The conclusions of this experiment are fun to think about. We can see that the order of the questions matter. We also know that your brain will look for a substitute question to answer when faced with a difficult query. It may be worth thinking about how you answer a difficult question, and challenge yourself before giving an answer to ensure you are answering the question that was asked.


A final thought by way of a quick story. I was at the beach this week with some friends. We had just finished eating doughnuts and were walking through town when we crossed paths with a man and his dog. Upon seeing the dog, my friend, Gina, exclaimed, “Look at that dog, it looks just like a s’more!”. Sure enough, it did, chocolate, graham cracker, and marshmallow tones dominated the dog’s fur coat. We all laughed, and I smiled a bit longer, knowing that the reason she made the s’mores comparison was because she had just finished eating a s’mores doughnut. The brain looks for associations naturally, sometimes subconsciously, even when there isn’t an association to be had.

[Initial draft written with an Apsara Absolute]

Now Read This: Omaha Edition.

Omaha, NE

Today, I completed this year’s installment of an annual tradition I have of reading Berkshire Hathaway’s annual report. This might seem like an odd tradition to keep, yet I always find great inspiration and worthwhile material in the report. If this sounds like some odd form of torture, I can assure you it isn’t. Unlike most annual reports, the opening 30 or so pages amount to a refreshing and honest letter from the Chairman of Berkshire Hathaway, none other than Warren Buffett. He offers his investment philosophy, opines about prudent leadership, and shares some of his evaluation of corporate America.

In 1983 Buffett documented “13 owner-related business principals to help new shareholders understand our managerial approach.” These principals have been included in every annual report since, with all 13 remaining in effect. Over 3 decades later, his philosophy to running and growing a business remains true to these principals. Principals 14 and 15 have recently been added, addressing expectations of gains and losses in Berkshire stock value and the value of the company compared to the S&P 500’s performance. It’s an incredible list, and a gift for all of us to absorb. Since many others have written about them in detail, I won’t rehash them, here’s a link to the “Owner’s Manual” which detail all 15 principals.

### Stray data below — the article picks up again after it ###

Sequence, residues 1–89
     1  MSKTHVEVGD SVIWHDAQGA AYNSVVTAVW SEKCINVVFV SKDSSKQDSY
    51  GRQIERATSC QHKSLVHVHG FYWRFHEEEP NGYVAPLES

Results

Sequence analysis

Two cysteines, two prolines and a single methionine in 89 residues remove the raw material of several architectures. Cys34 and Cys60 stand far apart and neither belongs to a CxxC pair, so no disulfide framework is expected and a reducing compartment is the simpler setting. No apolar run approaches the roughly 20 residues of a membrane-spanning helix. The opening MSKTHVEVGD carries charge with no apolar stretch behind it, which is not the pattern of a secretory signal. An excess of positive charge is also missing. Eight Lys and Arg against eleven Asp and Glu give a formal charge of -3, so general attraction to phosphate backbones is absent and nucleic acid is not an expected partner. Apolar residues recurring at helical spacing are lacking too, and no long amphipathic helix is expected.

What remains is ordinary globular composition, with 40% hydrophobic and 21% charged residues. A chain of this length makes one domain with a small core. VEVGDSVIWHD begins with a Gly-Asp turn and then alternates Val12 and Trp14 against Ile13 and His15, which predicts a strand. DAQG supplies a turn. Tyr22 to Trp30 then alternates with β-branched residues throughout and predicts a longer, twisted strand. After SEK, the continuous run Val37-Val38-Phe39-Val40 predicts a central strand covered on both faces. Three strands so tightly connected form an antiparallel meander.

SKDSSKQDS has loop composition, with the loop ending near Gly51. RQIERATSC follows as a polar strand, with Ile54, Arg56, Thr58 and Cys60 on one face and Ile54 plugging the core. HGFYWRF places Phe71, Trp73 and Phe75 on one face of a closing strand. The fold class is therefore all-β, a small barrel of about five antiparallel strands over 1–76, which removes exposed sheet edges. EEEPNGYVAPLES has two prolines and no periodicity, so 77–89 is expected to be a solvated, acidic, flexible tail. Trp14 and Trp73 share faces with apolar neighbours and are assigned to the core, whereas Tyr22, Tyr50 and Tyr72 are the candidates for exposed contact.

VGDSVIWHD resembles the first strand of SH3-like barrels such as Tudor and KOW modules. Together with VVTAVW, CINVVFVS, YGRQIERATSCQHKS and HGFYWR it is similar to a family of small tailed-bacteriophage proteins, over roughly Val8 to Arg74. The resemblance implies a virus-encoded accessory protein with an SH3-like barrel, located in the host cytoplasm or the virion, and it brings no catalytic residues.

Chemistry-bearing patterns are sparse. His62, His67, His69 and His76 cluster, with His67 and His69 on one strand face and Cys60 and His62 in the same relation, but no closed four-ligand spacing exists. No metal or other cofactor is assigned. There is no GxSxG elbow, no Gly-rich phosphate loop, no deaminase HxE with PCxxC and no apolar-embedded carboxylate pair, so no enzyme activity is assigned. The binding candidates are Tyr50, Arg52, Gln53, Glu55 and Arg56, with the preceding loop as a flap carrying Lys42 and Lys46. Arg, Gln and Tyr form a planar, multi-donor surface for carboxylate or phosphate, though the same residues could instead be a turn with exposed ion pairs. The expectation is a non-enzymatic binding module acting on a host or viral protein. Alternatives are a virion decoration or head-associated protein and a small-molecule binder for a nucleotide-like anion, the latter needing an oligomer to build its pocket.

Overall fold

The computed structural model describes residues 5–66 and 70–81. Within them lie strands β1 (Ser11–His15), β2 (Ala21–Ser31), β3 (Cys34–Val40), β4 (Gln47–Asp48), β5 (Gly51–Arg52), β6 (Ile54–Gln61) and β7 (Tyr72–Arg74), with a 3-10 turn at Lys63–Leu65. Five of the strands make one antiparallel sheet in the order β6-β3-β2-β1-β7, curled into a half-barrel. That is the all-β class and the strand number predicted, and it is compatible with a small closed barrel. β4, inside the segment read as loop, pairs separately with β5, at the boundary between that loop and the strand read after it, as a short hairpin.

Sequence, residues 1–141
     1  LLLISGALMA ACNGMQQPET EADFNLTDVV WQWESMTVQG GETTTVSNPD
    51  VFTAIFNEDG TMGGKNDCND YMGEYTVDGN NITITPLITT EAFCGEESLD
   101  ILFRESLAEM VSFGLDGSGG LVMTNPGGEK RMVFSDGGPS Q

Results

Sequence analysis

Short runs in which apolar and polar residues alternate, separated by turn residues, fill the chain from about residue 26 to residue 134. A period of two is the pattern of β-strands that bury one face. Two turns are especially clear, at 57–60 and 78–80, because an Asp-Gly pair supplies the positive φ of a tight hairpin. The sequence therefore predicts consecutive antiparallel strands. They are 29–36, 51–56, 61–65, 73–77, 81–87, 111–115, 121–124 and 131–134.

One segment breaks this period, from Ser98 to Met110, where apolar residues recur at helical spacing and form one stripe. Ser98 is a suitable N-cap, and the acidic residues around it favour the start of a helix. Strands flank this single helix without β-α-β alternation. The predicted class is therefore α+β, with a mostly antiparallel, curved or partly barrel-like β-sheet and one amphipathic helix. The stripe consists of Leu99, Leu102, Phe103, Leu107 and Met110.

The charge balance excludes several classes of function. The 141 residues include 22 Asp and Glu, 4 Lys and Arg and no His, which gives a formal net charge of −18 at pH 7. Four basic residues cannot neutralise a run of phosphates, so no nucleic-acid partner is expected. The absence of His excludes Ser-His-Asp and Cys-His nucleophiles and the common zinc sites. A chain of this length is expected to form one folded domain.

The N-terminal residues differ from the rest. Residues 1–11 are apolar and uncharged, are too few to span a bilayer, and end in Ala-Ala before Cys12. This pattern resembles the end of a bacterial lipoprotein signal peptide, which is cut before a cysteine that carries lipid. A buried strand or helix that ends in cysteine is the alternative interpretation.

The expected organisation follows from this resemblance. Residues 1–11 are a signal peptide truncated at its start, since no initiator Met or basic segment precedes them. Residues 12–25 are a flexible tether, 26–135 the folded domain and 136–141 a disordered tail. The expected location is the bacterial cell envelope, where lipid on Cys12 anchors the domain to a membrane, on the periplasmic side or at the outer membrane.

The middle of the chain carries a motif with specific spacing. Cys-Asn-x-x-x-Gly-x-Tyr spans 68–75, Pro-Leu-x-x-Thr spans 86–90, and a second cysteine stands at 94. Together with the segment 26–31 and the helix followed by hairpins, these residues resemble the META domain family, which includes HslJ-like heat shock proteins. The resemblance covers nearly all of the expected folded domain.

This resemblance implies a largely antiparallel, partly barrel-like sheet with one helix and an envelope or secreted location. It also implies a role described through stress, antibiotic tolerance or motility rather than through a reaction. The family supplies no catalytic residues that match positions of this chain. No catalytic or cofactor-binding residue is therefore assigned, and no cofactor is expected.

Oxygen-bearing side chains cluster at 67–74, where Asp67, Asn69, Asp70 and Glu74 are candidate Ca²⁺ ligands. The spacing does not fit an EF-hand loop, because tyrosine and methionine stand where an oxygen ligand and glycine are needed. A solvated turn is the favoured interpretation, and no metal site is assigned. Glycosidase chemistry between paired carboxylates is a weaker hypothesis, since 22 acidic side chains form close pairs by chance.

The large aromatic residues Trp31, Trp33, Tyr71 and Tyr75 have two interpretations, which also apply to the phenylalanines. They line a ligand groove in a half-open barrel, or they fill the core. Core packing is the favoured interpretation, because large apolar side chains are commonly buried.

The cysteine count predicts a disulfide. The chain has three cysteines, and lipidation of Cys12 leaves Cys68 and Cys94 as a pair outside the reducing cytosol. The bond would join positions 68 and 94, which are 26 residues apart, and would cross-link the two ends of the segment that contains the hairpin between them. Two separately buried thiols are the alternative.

Recognizing the tremendous wealth created by American’s since 1776, Buffett writes:

From a standing start 240 years ago … Americans have combined human ingenuity, a market system, a tide of talented and ambitious immigrants, and the rule of law to deliver abundance beyond any dreams of our forefathers.

Starting from scratch, America has massed a wealth totaling $90 trillion.

Buffett moves on to discuss intrinsic value versus carrying value and why he puts so little faith in consolidated earnings reports. The company’s results back up his approach, Berkshire Hathaway has achieved a compounded annual growth rate of 19% over the past 52 years. 52 YEARS!

Sprinkled throughout the report, he shares blunt criticism of corporate America business leaders:

When CEOs or boards are buying a small part of their own company, they all too often seem oblivious to price.

Too many managements are looking for any means necessary to report, and indeed feature, “adjusted earnings” that are higher than their company’s GAAP earnings. Two of their favorites are the omission of “restructuring costs” and “stock-based compensation” as expenses.

… bad behavior is contagious. CEOs who overtly look for ways to report higher numbers tend to foster a culture in which subordinates strive to be “helpful” as well.

and one more:

If CEOs want to leave out stock-based compensation in reporting earnings, they should be required to affirm to their owners one of two propositions: why items of value used to pay employees are not a cost or why a payroll cost should be excluded when calculating earnings.

An enjoyable and truthful quote from Berkshire’s Vice Chairman, Charles Munger, referring to managers and their potentially over inflated self-worth: